I Lived in Twin Falls during the 1950s and have personal memories of the Orpheum. I have previously researched all of the theaters of Twin Falls thru the archives of the Times-News, which is available online at the Twin Falls Public Library.

Here is some information I have gathered on the Orpheum over the years, which isn’t in my original submission.

After 16 months of construction, which began in June of 1920, It opened on October 31, 1921. The Twin Falls Daily News on opening day said the Architect was J.H. Dodd and there was seating for 900. The opening attraction was Mary Pickford in ‘Thru the Back Door.’ The projection room was built with 14-inch concrete walls, making it absolutely fireproof. The T-F-A- chiseled into the upper façade of the building stands for “Twin Falls Amusement.” Some of the known operators were H.H. Hedstrom, its builder, (1921-1931), Publix Theatres (1931-36), Intermountain Theatres (1936-1975) and currently Interstate Amusements (1976-present). Interstate purchased the building in 1976, removed the overhanging marquee and replaced it with one that is flush with the remodeled façade. The Times-News said the carpeting, drapes and seating were replaced and the ticket booth moved inside. It was renamed the Mall Cinema until 1997 when it again became the Orpheum.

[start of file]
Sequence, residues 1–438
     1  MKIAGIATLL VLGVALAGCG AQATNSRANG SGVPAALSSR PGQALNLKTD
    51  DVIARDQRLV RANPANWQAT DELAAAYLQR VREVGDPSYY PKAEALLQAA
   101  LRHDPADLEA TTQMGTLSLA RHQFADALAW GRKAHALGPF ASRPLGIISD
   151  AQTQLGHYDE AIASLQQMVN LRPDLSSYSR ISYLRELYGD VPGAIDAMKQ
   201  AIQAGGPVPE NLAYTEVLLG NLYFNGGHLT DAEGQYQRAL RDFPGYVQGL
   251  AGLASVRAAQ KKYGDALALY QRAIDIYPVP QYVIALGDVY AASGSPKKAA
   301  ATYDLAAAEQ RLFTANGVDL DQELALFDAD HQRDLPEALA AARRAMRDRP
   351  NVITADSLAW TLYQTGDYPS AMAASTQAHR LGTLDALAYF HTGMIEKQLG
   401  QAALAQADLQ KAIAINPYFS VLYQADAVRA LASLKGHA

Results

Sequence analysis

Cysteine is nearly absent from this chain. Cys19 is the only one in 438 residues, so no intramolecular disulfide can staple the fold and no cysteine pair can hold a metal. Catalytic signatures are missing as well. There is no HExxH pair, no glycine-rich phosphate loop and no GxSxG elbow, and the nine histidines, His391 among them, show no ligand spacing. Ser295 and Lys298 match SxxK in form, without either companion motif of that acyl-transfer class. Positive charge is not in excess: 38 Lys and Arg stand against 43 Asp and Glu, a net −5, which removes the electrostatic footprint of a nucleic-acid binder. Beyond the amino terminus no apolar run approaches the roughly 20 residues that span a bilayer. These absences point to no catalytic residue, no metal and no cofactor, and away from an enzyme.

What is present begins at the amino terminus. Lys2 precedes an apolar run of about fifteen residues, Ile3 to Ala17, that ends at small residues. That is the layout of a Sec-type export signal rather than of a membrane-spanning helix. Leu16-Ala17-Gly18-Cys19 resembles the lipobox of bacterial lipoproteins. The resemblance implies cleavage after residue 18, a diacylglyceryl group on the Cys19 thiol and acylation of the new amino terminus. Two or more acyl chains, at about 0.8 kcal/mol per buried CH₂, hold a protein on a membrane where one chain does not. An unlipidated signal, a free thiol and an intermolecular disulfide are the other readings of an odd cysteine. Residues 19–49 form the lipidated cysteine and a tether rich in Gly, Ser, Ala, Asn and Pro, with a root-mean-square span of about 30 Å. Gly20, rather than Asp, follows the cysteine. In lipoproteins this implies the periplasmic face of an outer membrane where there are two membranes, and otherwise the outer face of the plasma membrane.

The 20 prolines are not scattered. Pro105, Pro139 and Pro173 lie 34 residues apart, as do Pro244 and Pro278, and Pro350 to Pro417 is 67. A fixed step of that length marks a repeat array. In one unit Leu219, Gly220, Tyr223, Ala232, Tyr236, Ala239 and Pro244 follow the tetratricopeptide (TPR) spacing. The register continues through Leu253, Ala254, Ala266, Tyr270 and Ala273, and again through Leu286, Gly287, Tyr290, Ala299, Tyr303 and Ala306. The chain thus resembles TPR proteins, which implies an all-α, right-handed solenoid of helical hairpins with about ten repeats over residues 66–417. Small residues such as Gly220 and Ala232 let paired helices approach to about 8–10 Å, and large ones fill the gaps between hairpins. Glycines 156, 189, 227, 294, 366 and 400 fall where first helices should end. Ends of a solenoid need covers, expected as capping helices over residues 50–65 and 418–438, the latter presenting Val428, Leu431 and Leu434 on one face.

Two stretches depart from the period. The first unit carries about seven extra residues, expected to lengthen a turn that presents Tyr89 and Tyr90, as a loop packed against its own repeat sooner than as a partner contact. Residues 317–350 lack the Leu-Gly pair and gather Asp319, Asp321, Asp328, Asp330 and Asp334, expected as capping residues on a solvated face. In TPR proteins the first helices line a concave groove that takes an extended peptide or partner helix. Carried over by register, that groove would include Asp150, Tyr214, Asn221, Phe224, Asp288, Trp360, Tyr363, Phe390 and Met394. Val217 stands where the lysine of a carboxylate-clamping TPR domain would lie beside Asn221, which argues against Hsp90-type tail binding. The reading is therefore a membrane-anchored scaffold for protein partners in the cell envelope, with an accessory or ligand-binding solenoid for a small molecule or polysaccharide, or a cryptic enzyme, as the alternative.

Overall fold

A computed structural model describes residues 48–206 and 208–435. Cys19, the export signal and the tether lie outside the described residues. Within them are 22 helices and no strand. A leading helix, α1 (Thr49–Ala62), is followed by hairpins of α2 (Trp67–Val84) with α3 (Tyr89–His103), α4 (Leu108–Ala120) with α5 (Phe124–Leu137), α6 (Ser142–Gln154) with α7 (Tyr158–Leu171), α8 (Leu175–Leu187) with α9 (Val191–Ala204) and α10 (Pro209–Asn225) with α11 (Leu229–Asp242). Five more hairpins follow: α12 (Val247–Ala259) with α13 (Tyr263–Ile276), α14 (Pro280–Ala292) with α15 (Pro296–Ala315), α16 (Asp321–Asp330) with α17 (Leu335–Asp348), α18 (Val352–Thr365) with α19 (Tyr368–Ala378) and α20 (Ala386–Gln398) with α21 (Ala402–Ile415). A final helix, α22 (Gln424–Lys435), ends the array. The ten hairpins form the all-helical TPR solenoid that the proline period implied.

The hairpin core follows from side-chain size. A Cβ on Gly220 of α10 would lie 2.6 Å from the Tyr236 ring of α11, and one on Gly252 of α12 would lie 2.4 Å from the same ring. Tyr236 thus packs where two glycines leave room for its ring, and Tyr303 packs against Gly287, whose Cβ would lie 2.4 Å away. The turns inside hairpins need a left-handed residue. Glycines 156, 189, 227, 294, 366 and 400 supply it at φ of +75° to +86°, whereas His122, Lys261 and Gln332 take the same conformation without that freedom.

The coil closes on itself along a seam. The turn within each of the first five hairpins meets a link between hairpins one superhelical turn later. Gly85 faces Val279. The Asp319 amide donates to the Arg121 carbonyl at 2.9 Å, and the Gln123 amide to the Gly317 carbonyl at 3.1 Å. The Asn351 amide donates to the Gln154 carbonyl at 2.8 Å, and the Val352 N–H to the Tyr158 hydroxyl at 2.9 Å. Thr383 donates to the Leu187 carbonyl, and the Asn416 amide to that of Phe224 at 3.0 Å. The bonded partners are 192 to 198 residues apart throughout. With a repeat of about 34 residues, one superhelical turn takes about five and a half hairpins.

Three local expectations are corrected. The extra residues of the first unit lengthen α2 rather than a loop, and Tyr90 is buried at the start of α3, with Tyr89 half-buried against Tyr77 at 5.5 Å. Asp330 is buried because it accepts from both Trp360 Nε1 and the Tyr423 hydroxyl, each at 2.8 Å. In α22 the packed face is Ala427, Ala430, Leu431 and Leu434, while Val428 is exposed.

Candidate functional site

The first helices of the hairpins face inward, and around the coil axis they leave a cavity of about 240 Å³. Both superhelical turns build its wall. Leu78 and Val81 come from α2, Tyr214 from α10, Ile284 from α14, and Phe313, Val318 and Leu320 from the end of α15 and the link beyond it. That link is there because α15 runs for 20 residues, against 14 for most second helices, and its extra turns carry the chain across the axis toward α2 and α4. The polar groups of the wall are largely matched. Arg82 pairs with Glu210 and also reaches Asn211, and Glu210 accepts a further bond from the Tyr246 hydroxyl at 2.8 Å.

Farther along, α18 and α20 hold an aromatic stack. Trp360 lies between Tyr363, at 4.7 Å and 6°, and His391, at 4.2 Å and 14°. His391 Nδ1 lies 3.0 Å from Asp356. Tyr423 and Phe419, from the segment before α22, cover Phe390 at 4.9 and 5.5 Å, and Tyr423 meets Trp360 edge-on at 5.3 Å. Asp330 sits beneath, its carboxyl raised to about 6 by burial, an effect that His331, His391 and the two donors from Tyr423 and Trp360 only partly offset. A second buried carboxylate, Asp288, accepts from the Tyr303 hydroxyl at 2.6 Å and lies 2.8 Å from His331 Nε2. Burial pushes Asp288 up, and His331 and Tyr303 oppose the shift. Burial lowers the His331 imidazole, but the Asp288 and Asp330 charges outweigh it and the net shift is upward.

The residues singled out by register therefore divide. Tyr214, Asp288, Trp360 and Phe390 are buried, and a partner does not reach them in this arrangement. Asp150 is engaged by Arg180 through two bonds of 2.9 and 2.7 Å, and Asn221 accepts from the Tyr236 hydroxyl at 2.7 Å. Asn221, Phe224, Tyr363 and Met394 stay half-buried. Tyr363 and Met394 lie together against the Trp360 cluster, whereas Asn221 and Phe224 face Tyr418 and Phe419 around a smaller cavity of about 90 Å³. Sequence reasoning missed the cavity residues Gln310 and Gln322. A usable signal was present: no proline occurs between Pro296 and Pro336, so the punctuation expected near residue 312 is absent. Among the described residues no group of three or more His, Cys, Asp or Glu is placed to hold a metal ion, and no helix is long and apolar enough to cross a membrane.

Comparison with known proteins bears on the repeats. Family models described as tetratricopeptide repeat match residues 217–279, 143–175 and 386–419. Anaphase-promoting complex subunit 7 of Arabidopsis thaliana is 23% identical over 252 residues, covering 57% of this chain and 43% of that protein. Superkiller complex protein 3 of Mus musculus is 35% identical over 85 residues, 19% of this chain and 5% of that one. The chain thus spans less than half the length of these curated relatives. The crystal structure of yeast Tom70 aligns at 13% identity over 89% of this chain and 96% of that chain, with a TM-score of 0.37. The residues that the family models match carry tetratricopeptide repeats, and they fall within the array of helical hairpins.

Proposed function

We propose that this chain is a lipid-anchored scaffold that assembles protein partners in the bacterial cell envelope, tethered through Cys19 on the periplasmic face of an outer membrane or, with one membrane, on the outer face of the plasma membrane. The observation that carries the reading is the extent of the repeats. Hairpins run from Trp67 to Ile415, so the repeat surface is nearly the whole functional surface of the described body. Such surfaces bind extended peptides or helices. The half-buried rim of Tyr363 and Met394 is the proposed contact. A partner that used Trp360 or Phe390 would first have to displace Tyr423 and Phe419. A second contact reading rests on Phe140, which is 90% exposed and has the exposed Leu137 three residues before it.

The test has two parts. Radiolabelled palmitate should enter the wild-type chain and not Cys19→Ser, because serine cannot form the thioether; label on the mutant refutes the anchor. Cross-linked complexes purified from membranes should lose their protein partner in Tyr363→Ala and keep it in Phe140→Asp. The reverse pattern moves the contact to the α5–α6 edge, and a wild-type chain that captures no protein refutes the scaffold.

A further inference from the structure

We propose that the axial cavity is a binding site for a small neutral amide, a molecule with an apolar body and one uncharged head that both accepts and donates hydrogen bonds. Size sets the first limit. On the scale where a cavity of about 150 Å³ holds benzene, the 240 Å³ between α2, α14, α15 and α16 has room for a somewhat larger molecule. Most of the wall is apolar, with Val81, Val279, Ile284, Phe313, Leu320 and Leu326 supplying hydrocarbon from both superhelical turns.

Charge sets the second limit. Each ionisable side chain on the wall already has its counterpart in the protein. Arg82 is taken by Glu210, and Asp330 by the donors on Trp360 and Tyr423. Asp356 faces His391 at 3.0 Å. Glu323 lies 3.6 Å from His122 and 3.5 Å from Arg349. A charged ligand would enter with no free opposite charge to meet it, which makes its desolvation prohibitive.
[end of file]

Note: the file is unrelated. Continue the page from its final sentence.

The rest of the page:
To recap: The operators over the years are:
1921-31 H.H. Hedstrom, its builder 1931-36 Publix Theatres 1936-75 Intermountain Theatres 1976-present Interstate Amusements

(One correction to my description of the Idaho Theatre: It was never called the Rialto. I will send that correction to the Idaho Theatre page.)

Joe Vogel
Joe Vogel on March 25, 2014 at 7:16 pm

In my previous comment I was mistaken in saying that the second Orpheum was on Shoshone Street North. It was at 131 Shoshone Street East, and when the new Orpheum opened in 1921 it became the Rialto Theatre.